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I mean clearer because extra parenthesis is clearly a hack and adds to confusion (why you would need them somewhere and not elsewhere for equivalent expressions
I mean this trailing comma as the effect (like everywhere else in a comma-separated list of expressions) to discard additional values returned by each _expression_ and reduce them to a single value or nil.

Using extra parentheses also is inconsistent: it does not work for example with the return statement:
    return (1,2)
still returns the two values to the caller, and 
    return ('A').byte(2)
still returns nothing to the caller

using a trailing comma here would fix both:
    return 1,2,
would return one value only: 1; and
    return ('A').byte(1),
    return ('A').byte(2),
would return one value only for each return: 65 or nil

As well in arguments of function calls:
passes one value to the type function in each case: 65 or nil

As well in table constructors:
 { [2] = 'dummy', ('A').byte(1), ('A').byte(2), }
sets the two index [1] and [2] to 65 and nil respectively (the 'dummy' value in [2] is overriden)

And for another proposal I intend to make: i.e. passing parameters by names, and declaring functions with named parameters and defaults, the named parameters and their default will be stored in the function's environment created by the function definition (which is already a key-indexed table), and not just mapped to local variables in the local closure (initialized on entry from upvalues for unnamed parameters without default: local variables in local closure for arguments passed by name would first be initialized from the function's environment to get their default value, then arguments values passed by name will overwrite this default).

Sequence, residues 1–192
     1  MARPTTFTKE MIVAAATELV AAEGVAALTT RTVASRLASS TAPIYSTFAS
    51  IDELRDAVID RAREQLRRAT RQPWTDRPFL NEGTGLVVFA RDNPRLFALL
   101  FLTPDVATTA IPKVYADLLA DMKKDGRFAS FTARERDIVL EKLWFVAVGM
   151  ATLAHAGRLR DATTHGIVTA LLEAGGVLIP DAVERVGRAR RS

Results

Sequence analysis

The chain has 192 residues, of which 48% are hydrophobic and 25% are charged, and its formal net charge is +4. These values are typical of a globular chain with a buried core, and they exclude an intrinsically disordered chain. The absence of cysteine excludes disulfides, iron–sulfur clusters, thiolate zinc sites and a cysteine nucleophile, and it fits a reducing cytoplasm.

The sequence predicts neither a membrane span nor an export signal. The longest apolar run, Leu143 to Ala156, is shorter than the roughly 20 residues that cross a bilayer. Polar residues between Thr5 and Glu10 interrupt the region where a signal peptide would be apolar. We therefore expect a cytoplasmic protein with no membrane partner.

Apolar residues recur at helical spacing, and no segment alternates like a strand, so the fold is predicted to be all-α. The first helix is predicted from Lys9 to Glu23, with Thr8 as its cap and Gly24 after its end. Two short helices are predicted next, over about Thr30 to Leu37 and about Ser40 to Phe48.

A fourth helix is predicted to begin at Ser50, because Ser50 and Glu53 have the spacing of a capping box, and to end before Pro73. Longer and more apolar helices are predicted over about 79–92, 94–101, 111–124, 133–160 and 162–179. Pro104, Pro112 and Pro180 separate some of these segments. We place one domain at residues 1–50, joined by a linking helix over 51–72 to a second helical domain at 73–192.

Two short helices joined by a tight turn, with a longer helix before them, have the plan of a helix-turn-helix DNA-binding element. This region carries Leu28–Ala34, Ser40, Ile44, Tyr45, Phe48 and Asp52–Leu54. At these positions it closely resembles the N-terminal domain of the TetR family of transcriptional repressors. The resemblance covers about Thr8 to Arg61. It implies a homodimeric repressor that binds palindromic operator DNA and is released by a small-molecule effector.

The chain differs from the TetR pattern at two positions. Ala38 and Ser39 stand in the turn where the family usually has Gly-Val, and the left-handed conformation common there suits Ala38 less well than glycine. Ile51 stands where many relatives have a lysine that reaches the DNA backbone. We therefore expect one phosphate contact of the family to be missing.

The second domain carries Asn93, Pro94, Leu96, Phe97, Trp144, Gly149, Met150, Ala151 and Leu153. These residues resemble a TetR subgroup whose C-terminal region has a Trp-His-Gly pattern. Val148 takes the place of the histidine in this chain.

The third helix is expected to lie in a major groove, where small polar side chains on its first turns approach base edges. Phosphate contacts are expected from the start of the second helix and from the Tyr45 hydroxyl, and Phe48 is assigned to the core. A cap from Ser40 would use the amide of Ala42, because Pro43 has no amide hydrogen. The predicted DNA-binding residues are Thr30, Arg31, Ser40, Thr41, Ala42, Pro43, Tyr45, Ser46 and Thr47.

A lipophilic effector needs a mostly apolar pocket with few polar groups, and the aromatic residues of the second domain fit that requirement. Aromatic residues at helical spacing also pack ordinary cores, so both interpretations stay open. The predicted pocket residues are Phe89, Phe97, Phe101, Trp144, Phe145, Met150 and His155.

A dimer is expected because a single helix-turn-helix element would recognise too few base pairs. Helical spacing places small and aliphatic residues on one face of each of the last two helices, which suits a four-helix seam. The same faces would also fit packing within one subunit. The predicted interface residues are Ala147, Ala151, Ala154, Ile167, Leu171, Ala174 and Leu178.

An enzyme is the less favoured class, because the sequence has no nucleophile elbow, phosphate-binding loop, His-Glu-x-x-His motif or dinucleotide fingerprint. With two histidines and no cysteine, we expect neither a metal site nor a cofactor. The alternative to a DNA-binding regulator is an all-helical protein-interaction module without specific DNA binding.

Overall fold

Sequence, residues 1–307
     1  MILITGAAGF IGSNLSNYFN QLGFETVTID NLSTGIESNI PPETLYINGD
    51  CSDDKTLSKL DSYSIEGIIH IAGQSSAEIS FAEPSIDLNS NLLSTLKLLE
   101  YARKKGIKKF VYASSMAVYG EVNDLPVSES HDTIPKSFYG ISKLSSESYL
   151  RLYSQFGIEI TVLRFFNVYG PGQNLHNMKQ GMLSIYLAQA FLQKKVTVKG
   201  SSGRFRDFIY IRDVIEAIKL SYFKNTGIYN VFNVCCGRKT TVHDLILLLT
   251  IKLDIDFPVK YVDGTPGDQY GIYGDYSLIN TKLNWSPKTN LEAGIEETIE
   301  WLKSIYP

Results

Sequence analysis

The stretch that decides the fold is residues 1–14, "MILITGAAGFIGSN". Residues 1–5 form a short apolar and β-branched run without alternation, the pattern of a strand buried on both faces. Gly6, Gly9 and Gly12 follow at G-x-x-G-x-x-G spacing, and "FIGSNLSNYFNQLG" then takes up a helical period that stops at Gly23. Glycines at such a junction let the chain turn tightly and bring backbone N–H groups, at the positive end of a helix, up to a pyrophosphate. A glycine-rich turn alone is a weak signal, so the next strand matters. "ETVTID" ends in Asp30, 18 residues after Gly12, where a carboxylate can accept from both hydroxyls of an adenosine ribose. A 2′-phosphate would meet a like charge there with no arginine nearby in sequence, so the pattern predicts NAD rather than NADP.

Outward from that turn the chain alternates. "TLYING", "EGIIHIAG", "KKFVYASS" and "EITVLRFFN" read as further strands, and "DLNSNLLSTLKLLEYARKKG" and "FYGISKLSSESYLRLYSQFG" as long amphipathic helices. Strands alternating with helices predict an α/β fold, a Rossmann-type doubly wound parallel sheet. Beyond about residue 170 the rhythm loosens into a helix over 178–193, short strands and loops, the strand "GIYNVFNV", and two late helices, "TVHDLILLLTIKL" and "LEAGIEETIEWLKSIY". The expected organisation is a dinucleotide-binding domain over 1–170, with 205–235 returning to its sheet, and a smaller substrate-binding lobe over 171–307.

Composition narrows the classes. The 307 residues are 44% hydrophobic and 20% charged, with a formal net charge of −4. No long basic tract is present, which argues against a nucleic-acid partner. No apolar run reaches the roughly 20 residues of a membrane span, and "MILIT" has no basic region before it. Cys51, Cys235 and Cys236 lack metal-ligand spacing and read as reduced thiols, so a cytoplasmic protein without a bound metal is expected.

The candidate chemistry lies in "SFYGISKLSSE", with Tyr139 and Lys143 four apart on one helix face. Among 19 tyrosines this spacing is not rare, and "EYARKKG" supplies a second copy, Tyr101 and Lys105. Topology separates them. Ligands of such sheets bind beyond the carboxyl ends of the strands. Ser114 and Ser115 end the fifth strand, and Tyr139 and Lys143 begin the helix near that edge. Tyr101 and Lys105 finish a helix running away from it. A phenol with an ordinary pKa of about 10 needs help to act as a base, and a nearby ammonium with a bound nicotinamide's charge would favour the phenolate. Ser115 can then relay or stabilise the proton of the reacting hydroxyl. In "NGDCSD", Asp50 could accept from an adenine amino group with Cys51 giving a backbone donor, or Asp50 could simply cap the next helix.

Calling a function with named parameters just means passing them in a table created by the caller, except that this table is not an argument of the function itself, it will be processed by the function entry itself (that will process them with the default values stored in the function's environment.

So you could declare simply: function fun{x = 0}  --[[statements...]] end
or just: function fun{x = 0} --[[statements...]] end
This would create an environment containing: { x = 0 } for the default values
You can call it using normal parentheses: fun(x=20) -- bind named parameter to arg['x']
But not that this is not equivalent to the call: fun(20) -- argument is passed in upvalue: arg[1]
And not equivalent to the call: fun{20} -- set arg[1]={20}

As well I'd like to see "parser attributes" added to Lua for *any* block of instruction or for *any* _expression_ in parentheses, just as a litteral string constant (or several sucessive ones) just before the actual _expression_ or block of instructions.

Parser attributes have lot of uses in other languages, the semantics of these attributes could even be implemented in pure Lua. They can provide interesting things, notably metadata, debugging/tracing info, parser directives (e.g. semantics of operators or numeric expressions and rounding modes), directives for the Lua script loader, digital signatures to any script such as this at the begining of a loadable Lua module: